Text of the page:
Fast forward to December of last year, and I found my Kato chassis that I had stashed away, and found myself dreaming of a diesel loco. I doubt it will even run as nicely as the Lilliput one did, but something is better than nothing! Anyway, I guessed dimensions, and after a pleasant evening of 3D modelling I came up with a Mk1 version:

MkI


Inspiration was garnered from multiple places, although I suspect mostly from the broken bits of the Knightwing kit that I still had lying around. That gave me some basic dimensions to work from at least, although obviously it would need to be narrower compared to the standard kit. I suppose it's almost a little Ruston-esque, too.

MkII


The MkII version soon followed, with multiple changes apparent. The most obvious one is the extra "wings" on the front, which I had seen on a locomotive somewhere and really liked the look of it. Alas I cannot remember what it was on or where I found it as that was 5 months ago now! In any case, other changes are the reduction of height of the main windows to keep it in better proportion, and the replacement of the engine doors with louvred panels.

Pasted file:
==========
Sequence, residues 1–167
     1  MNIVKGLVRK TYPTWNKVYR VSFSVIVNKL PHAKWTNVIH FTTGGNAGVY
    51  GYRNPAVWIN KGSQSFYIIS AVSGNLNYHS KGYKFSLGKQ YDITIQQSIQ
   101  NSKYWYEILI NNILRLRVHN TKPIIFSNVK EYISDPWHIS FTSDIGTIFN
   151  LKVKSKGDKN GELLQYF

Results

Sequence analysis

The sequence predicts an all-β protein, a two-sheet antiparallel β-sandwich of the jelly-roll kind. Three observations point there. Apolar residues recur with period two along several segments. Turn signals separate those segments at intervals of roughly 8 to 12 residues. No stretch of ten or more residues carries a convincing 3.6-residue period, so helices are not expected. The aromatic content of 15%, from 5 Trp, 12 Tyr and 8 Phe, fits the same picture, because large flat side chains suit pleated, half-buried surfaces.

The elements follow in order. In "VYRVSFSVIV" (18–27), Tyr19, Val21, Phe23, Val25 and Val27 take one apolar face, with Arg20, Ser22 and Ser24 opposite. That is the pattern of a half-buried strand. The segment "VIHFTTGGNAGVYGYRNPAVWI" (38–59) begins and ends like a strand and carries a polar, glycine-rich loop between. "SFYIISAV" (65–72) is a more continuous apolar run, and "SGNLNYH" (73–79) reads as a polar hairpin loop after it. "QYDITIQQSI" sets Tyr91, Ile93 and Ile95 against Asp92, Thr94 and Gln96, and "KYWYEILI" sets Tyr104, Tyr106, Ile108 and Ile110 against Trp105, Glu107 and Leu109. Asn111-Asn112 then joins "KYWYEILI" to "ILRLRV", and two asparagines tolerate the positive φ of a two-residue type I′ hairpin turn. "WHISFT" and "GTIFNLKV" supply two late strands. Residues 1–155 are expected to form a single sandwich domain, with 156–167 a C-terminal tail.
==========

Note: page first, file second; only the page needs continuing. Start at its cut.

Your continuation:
MkIII


The MkIII version was due to be the final design, but as with all "final designs"... it wasn't final! Changes from the MkII version are that the window surrounds are now painted in a dark grey to match the running plate, and the cabside porthole windows replaced with more utilitarian square windows. And as for why it was not to be the final version, take a look at the image above again; see the black line on the right hand side? That's how long the Kato chassis is; I can only assume that I never thought to measure it before for some reason!